The headlines heralded the historic appointment of the first republican ever to lead Northern Ireland’s devolved administration.
There’ll be endless arguments about whether Michelle O’Neill and Emma Little-Pengelly’s office is really a joint one but no-one can deny the symbolism and significance – though Sinn Féin’s having most seats in the executive is arguably a greater advantage in practical terms.
Ms O’Neill’s appointment 21 months after it should’ve happened confines unionist domination of a deliberately gerrymandered ‘Orange state’ to history; it shows that change is possible and that democracy can deliver, at least in electoral terms.
Thirty years since the IRA ended its campaign of violence, the party that was once subordinate to its armed wing is now the largest in Ireland. Its hopes of being in power on both sides of the border have suffered a recent setback but the template to strive for its goal solely by democratic means is now set in stone. In the assembly, Michelle O’Neill made every effort to apologise for republican violence, without disowning it.
Unionism could learn a lot from Sinn Féin’s ability not to sweat what politically-speaking is the ‘small stuff’ and not to get hung-up on symbolism and narratives about the past, or embroiled in culture wars linked to religious belief.
A Sinn Féin first minister doesn’t mean Irish unity is necessarily any closer but it represents the beginning of a new chapter in the north’s history and is undoubtedly a huge gain. Like power-sharing itself and the endorsement of policing and justice structures, Ms O’Neill’s appointment is another building block in the steady process of Sinn Féin normalisation.
But for a normal party, unity is not the only issue it needs to turn its attention to. A broken health service, a crumbling transport network, and a public services funding crisis are among the matters looming in the executive’s in-tray.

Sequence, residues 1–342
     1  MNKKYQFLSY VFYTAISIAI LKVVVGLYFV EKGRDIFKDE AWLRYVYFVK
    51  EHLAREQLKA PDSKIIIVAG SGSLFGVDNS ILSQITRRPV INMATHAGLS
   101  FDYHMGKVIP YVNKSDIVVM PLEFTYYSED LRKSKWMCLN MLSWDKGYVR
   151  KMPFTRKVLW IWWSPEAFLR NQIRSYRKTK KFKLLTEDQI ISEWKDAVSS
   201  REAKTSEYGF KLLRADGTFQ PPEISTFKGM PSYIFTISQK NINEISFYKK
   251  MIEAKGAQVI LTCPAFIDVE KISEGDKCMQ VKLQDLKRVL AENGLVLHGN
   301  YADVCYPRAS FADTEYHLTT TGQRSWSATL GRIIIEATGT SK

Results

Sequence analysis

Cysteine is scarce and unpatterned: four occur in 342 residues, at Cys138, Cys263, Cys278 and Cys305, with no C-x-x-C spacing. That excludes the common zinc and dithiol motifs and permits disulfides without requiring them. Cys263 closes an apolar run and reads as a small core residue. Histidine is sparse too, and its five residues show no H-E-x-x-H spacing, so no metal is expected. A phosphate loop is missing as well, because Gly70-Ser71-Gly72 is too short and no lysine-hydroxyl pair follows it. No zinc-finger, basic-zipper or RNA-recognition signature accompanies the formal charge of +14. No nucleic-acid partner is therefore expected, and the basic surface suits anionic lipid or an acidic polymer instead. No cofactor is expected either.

Surprise pick for the finance portfolio Caoimhe Archibald, seemingly in the role as a result of a DUP ambush, means the first-time minister has some important decisions to make; cuts and revenue-raising initiatives that may well prove unpopular – that’s the realpolitik.
The challenges this executive faces are different in nature from its pre-RHI predecessors but no less severe. When Sinn Féin and the DUP first embarked on their power-sharing project some 17 years ago, the priority was overcoming mutual suspicion and loathing; they were avowed enemies now in government together, attempting to bring political stability and prosperity without making huge compromises that would alienate their respective bases and give electoral advantage to their rivals. Has much changed?
That task was fulfilled with astounding success by the so-called Chuckle Brothers, whose bond after years of deep animosity served as a lesson to everyone. Peter Robinson took the reins from Ian Paisley and continued in a largely positive, if more business-like, relationship with Martin McGuinness. The period between St Andrews and Robinson’s departure was not without its setbacks but it is regarded as the most stable in power-sharing’s chequered history. Yet in terms of measuring its success, this administration needs to better that record.
Publicly the signals on Saturday in the assembly chamber were good, the Archibald incident notwithstanding. Both the first and deputy first ministers appeared at pains to stress the potential for reconciliation and co-operation. Talk, however, is cheap.
With Alliance holding two seats in the executive and the SDLP in opposition, the dynamic at Stormont is entirely new and untested. At best it could mean delivery, at worst it could destabilise a fledgling administration in which the DUP is likely facing a battle a day on two fronts.
There was optimism in the air on Saturday, coupled with what sounded like a genuine desire to affect change. Let’s hope the executive parties can move beyond platitudes and realise the potential they all claim is there.